Saturday, July 16, 2011
Critique, yes or no?
Lupines in the Sky
Work in progress
10x30" gallery wrap
by Susan Roux
Where do you stand on the subject of critique?
My last post showed a painting before a critique and where I pushed it following a critique. A good critique is priceless, in my opinion. I wish I had one for every painting I paint. I find it elevates my work to new heights. It keeps me pushing, trying to achieve something beyond where I previously stopped. Just last night Mike and I were discussing this and he wished he had to a good photographer friend who could give him a good critique.
Odd thing is, as much as we would like to be continually critiqued, there are many who are opposed to it. It takes a tough skin to listen to your creative work be interpreted by another. We become tied and connected to the things we create.
It's a reflection of ourselves. Who has the right to tell us what's wrong with it?
Rejection in any form is difficult. It can knock the wind right out of you. But I don't think of a good critique as a rejection. Quite the contrary. When someone takes the time to analyze a work they usually already have an attraction to it. The critique isn't designed to crush an artist, but to urge him (her) to think of it in different terms and possibly see it differently as well. We get very close to our work. Especially those of us who work a painting for an extended period of time. So much of ourselves is invested in it.
Though just as love is blind, so often is the artist who has a certain goal in mind. We'll set parameters for ourselves. Things like a limited palette or brushstroke edges. Some soft, some hard, some blurred, some bold and distinct. We can focus so hard on certain aspects of our work, that we'll easily miss other things. Things we already know. They slip from memory temporarily. A good critique allows you to retain what you've captured and helps you push it to an even stronger finish.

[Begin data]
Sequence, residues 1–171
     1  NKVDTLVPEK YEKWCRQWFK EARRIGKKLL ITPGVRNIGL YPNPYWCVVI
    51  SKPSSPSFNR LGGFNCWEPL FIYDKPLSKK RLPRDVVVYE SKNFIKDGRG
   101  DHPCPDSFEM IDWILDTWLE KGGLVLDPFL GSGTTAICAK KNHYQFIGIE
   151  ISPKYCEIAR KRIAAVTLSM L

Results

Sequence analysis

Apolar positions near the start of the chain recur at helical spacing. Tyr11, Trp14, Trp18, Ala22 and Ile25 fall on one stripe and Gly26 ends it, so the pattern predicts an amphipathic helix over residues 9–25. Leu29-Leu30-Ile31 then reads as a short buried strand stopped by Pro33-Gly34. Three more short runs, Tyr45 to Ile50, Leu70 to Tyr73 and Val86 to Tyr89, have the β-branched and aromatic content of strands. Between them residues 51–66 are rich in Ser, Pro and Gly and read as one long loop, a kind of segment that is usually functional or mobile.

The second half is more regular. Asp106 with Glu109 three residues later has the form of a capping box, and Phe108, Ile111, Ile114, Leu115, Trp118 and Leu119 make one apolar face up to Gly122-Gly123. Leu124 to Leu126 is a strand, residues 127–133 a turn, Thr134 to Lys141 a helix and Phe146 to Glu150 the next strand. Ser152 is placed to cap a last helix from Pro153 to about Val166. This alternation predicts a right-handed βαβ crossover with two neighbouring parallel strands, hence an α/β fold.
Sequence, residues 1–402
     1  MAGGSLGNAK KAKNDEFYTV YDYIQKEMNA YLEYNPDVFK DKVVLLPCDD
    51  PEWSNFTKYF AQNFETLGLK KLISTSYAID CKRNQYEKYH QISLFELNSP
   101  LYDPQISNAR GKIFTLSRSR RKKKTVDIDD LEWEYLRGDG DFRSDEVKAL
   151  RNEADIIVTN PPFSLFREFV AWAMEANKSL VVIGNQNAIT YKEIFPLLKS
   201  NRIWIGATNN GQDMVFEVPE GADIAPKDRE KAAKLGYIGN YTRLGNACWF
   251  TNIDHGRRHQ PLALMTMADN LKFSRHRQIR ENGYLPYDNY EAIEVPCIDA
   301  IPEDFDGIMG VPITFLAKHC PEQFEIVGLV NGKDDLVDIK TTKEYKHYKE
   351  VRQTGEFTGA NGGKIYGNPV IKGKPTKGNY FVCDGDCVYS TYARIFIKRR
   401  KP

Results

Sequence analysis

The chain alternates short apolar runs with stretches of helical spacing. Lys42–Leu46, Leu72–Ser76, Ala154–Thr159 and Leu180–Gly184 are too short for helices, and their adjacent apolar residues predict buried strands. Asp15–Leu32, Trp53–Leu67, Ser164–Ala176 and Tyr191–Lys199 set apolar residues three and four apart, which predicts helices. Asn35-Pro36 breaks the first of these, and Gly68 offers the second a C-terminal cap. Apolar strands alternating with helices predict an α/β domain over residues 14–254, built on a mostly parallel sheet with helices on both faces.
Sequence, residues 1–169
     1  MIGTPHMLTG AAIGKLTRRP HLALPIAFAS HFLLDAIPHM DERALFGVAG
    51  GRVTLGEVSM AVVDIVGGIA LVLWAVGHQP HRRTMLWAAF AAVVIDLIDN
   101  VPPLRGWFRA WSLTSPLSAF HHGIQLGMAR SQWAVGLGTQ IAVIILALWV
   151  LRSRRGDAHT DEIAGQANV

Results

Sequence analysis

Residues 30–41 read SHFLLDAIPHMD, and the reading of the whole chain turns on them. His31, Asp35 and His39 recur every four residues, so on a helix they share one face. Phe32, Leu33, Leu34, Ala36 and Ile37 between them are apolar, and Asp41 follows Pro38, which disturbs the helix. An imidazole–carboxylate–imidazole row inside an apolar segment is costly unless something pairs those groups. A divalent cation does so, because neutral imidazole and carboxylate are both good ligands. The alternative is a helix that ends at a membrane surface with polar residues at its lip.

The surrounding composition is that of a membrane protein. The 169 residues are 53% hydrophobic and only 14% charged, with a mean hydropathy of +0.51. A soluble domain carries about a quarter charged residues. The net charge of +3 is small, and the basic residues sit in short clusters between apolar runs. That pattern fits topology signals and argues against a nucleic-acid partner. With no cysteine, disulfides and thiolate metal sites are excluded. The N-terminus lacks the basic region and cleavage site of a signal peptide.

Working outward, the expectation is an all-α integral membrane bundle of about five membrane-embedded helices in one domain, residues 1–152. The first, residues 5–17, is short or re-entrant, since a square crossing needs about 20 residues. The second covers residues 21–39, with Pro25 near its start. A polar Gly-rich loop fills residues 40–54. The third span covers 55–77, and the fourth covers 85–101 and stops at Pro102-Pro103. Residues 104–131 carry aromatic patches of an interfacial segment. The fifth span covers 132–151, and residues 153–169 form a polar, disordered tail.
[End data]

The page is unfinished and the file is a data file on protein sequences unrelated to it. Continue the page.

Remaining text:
Imagine all the paintings you've ever painted. If you could take the best things from them and put it all together in one work of art, wouldn't that be wonderful? This is the critique to me. No one is teaching you how to paint it, only allowing you the insight to add a bit more and turn your work into a wow. It's never about repainting the entire painting (though Don's sent me to do that a few times as well...). It's about taking what you have and adjusting it. It might be defining something or dulling something. Perhaps adding a punch of color or contrast.
There exists a fear of loosing what we've already captured and ruining it. Loosing that look of freshness. Getting it overworked. But returning to a painting for adjustments needn't be done with your largest brushes. Often tweaking with something tiny that can be blended with the existing work will do the trick.
The other factor that comes up in conversation is the qualifications of the one critiquing.
Yes, I'm very fortunate to have Don Hatfield as my mentor and critique-er. (I can make up words, right?) Yes, he is highly qualified. But often the gut instinct of someone not highly qualified can be as helpful. Your kids can be very honest. Painfully so sometimes when they don't get what this part is. Even after you explain it to them and they tell you well it doesn't look like that.
You'd be surprised how many people can give you a good critique. Many of us have the knowledge, it's getting it on canvas that's the challenge!
So where do you stand on critique? Is it a gift or an insult?